In one of those dramatic monologues by Robert Browning that we all studied in school, a character says of a painting on his wall, "I call that piece a wonder." We are put in mind of Browning by the official Democratic response to President Bush's weekly radio address last Saturday. Delivered by our own 9th District congressman, Harold Ford, that piece was worthy of being called a wonder too.
In roughly five minutes and 537 words, the congressman -- who is famously eager to advance himself politically and plans a statewide Senate race for 2006 -- managed to say as close to nothing as is physically possible in the time and space allotted. It was a Guinness Book feat. But as far as offering any kind of useful contrast to Bush on the burning issues of the day didn't happen. Not even close.
Here is part of Ford's rhetorical runup: "You know, part of the American tradition is for each generation to make life better for the next. So the question is, How do we make it better for our children. Let's be honest, there are challenges and opportunities ahead of us that must be met with leadership that inspires and invests in America's future. We must realize that our future will only be as bright as the decisions we make today allow it to be." Riveting stuff, no?
So how does the congressman deal with the circumstances of the Iraq war and the so-far missing WMDs -- issues that increasingly have Democrats, Independents, and even some Republicans wondering if the nation has been lied to by its political leadership? Said Ford: "I voted for the use of force in Iraq. We are safer without Saddam in power. But our continued security depends on our intelligence being accurate and trusted. We must ensure that it is."Dubya couldn't have said it better himself!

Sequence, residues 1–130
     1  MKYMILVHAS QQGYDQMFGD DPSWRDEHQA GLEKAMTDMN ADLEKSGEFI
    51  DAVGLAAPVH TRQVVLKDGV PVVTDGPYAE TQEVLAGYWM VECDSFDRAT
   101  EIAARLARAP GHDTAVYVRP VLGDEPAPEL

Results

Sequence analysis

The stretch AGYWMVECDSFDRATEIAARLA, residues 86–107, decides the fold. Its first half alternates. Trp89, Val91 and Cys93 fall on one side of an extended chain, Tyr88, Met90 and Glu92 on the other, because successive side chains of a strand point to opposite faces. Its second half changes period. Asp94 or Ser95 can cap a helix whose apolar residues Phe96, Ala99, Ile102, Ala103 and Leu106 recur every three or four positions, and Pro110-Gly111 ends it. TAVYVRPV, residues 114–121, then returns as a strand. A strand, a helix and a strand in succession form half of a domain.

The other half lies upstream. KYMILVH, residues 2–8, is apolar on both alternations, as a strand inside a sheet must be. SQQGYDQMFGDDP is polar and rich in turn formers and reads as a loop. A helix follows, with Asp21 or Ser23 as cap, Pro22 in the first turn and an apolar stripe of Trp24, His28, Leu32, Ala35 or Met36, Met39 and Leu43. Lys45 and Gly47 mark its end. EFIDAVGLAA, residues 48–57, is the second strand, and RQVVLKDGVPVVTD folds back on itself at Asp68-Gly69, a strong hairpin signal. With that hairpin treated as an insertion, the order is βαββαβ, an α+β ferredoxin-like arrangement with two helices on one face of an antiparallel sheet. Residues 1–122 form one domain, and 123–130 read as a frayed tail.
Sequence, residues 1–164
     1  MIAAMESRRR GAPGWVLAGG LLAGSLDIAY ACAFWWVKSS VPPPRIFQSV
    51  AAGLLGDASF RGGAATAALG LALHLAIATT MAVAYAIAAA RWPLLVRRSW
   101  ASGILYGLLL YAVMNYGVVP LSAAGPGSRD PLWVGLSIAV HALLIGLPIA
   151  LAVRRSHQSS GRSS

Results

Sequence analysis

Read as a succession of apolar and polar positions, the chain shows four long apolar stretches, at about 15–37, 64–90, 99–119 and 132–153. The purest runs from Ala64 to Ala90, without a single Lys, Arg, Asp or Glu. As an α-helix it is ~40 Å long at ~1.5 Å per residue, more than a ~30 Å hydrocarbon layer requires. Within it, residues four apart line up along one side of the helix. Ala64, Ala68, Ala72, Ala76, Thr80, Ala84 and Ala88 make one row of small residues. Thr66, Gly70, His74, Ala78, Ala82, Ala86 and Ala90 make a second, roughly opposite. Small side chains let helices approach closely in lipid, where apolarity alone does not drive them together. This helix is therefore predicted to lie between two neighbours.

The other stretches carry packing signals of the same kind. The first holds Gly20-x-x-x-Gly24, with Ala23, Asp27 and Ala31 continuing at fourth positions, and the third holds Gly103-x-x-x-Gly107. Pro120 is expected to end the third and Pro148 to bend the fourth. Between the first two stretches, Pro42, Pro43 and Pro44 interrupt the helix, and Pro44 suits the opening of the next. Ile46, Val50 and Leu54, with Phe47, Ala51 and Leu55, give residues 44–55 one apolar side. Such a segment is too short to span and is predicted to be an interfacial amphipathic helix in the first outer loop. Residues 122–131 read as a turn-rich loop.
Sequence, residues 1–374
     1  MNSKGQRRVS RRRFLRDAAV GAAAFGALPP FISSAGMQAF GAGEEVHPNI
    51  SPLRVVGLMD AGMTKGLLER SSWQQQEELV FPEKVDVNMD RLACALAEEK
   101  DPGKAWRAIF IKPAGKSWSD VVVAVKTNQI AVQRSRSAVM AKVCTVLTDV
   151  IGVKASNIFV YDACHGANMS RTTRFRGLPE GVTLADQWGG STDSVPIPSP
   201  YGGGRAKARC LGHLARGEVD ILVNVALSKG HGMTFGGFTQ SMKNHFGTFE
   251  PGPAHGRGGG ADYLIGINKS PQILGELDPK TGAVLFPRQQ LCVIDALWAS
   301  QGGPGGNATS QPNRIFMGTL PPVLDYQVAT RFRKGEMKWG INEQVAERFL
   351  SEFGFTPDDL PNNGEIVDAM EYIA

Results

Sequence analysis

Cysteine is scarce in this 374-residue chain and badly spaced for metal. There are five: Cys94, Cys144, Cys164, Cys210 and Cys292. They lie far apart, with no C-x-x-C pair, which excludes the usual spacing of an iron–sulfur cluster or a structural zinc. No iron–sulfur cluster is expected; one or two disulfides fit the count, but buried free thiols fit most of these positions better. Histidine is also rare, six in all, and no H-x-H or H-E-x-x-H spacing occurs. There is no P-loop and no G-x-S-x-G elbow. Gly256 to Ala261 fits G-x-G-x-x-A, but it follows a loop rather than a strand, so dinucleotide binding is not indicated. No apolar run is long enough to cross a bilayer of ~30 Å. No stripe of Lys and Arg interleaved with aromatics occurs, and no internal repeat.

Repeatedly the congressman lamented that people in Washington spend too much time "complaining about politics." (Never mind that the official Democratic response is supposed to be a reasoned political complaint!) "That same energy could be better spent fully funding the Leave No Child Behind Act, so when school starts back in the fall, principals, teachers, and parents can all do their jobs better." This was followed by a real clincher: "Anyone who has been in a school knows teachers have it hard enough as it is."
And, again, on the burning question of Iraq and of deception at the highest levels of government: "Instead of complaining about politics, people in Washington could spend their time better by reforming and strengthening our intelligence gathering."
Readers who may doubt that Ford's remarks were quite as banal, as noncommittal, and as beside the point as this summary suggests are invited to read them in their entirety -- as posted on the Flyer Web site, MemphisFlyer.com.
Meanwhile, hearken to the congressman's conclusion -- and its unintended ironies: "This week we celebrate the Fourth of July. We mark the occasion by saluting the veterans and patriots who have defended our freedom. Their courage made America better for us. And it's now time for this generation to make it better for the next."
That cannot be done, sir, by beating around the bush -- or the Bush -- so miserably as this.